3 minutos, 3 días, 3 semanas

By human standards we are capable of surviving for about 3 minutes without breathing, 3 days without drinking and 3 weeks without eating.

This project is inspired by a personal experience, by the realisation that certain ailments and bodily discomforts have a psychological origin. Manuel Minch reflects on the individual limitations and latent states in our bodies in the face of the challenges we have to take on day by day. He focuses especially on the state of anxiety that time management provokes in a hyper-productive society like ours, causing the individual to somatise stress and accumulate dysfunctions, deformities and tics that wear out and mistreat the body.

In an interesting play of relationships and metaphors, he creates a series of pieces with materials and techniques linked to medicine, construction and climbing, which he makes explicit through the creation of curious climbing walls (a symbol of overcoming limits) whose supports are made up of 3D reproductions of the artist’s own organs.

The bulk of the exhibition is made up of representations of different organs and parts of the body: thorax, lungs, stomach, ribs, bones, lungs? They are made with ropes, plaster, bandages, salt and 3D prints, with a pristine white finish that mystifies the carnal and bleeding origin that is assumed to the organs that structure the bodies. It is creative to relate it to that body without organs of Artaud’s utopian vision: “When you have given it a body without organs, then you will have freed it from all its automatisms and returned it to its true freedom”. Deleuze took it up in his analysis of Francis Bacon’s intensive bodies: “the spirit is the body itself, the body without organs”.  In an act that could be considered cathartic, even shamanic, Minch feels the need to take the organs out of the body, to reproduce them symbolically and show them. He decontextualises them, distorts them, “extracts” them from their natural packaging and shows them in theatrical form so that they can tell us something, to question us, to question the pressures to which they are subjected. As Joseph Beuys predicted in his 1976 installation, only by “showing the wound” is it possible to heal it. And this is a systemic and universal wound that, especially in cities, is spreading like wildfire.

The appearance of these false anatomies resembles the calcium concretions of sensitive and fragile coral reefs, whose alarming deterioration certifies the serious imbalance of the ecosystems and the constant danger to which they are exposed due to the continuous environmental threat.

The 3D printed parts remind us that organ reproductions are already being tested with this technology in materials that can be installed in real bodies to replace damaged originals. A technology that brings us fully into the new paradigm of the post-human being that we already inhabit, and whose future remains to be seen. And beyond the imperfection of matter, virtual existences emerge in stainless corporealities.

We may be having an awareness of the body unprecedented in recent times, many artists talk about it in different ways, reminding us that we are fighting against time and our natural rhythms. We still need a dialogue with our corporeality, remembering the old maxim mens sana in corpore sano, knowing as we already know that mind and body are the same thing, that the health of that organism is connected to the health of the community in which it is inserted and that this in turn depends on the system that organises it. Somatisation, according to the RAE, is the involuntary transformation of psychic problems into organic symptoms, and we live in a society that is increasingly medicalised to correct this somatisation, surviving in many cases on drugs and psychopharmaceuticals.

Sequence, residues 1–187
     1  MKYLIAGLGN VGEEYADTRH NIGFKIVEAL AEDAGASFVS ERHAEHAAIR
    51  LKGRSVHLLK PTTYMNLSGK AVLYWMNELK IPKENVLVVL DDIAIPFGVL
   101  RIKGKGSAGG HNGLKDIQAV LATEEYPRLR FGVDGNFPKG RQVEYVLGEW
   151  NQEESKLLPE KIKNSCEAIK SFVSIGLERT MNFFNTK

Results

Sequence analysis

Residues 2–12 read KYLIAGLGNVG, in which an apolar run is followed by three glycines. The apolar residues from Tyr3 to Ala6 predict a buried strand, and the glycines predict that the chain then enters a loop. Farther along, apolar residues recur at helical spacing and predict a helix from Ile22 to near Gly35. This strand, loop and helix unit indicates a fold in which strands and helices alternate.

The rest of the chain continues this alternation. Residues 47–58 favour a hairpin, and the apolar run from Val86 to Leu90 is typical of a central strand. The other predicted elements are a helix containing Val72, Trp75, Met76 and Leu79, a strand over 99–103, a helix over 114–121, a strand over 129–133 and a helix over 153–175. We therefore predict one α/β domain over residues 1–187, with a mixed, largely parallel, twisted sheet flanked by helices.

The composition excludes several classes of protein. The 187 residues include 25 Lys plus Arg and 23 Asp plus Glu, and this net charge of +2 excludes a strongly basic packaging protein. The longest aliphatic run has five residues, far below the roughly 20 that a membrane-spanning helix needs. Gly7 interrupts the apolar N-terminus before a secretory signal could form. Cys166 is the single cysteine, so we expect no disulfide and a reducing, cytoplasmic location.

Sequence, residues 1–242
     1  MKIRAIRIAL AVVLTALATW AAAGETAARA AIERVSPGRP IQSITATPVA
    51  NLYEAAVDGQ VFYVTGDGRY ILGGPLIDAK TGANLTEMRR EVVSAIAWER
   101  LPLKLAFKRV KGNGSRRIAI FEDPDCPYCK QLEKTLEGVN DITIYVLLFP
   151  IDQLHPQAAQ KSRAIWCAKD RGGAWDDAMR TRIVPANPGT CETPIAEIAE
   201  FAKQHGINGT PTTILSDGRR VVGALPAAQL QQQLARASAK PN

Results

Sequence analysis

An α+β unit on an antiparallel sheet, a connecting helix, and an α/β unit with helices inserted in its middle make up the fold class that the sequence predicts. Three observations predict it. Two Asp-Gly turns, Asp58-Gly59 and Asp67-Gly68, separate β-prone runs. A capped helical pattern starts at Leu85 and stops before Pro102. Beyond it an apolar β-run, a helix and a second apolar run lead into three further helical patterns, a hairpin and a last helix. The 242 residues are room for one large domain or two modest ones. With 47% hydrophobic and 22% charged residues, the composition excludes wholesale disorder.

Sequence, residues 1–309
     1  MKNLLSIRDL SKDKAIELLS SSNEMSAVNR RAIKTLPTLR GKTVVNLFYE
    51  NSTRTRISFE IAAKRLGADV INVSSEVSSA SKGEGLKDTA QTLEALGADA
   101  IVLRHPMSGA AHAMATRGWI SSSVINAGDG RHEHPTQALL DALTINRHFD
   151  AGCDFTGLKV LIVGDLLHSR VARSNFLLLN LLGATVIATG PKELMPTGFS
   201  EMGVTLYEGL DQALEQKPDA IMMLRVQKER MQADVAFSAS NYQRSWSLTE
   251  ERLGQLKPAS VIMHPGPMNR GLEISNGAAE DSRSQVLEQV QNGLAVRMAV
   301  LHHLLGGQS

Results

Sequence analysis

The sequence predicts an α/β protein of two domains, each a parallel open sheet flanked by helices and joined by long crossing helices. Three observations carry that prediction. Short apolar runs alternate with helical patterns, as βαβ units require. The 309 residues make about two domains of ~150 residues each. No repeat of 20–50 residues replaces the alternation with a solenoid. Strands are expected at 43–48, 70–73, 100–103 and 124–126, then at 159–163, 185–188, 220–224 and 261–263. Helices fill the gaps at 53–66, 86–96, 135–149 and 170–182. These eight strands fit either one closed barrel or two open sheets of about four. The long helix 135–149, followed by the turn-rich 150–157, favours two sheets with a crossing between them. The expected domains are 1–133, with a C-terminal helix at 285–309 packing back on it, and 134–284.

These new entities, games of strings and complex knots that resemble new organs like coral formations, are also signs, traces that “continue with the problem” (Donna Haraway), with the need to act to improve a world that is less and less habitable.


MANUEL MINCH (Santander, 1993) is an artist and researcher whose work studies the margins between technological development, politics and natural times. As a millennial, Manuel considers himself a product of a neoliberal society without access to any real alternative for change. This makes him rethink his personal and collective capacities, the scarcity of resources and the current unsustainability of the system in opposition to the macro-narratives imposed by the system to lead a life away from alternative scenarios.

This is why his research focuses on possible changes in the current conditions of life, whether due to political, economic or natural causes. He is particularly interested in the ideas of collapse, the point of no return and the disconnection of society from natural processes.

His latest works take post-capitalist theories, accelerationism and the post-internet condition as references, formalising these projects through a variety of techniques; installations, texts and audiovisual productions.

On the other hand, his work occasionally uses curatorial practices to articulate narratives as a way of approaching artistic research. He is also the founder and curator of Internet Moon Gallery (2016 – present), a networked non-profit gallery research project in which he inaugurates curated projects every full moon, referencing natural cycles and creating a space for reflection and dialogue between international artists, curators and thinkers.






XXX Feria Internacional de Arte Contemporáneo

Palacio de Exposiciones y Congresos

Avda del Stadium s/n. Santander


HORARIO FERIA: De 17h. a 21:30h.